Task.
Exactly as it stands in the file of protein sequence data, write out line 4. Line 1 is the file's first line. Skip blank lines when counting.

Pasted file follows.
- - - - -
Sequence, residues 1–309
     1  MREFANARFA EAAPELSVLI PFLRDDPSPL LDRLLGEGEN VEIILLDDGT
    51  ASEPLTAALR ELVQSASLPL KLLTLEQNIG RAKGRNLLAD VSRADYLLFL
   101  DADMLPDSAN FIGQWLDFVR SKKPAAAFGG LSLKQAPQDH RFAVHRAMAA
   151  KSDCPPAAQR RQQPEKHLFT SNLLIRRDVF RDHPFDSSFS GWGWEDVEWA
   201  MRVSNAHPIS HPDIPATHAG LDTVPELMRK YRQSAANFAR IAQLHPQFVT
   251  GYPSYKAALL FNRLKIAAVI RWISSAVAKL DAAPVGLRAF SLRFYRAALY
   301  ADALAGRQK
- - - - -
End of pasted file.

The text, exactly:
   101  DADMLPDSAN FIGQWLDFVR SKKPAAAFGG LSLKQAPQDH RFAVHRAMAA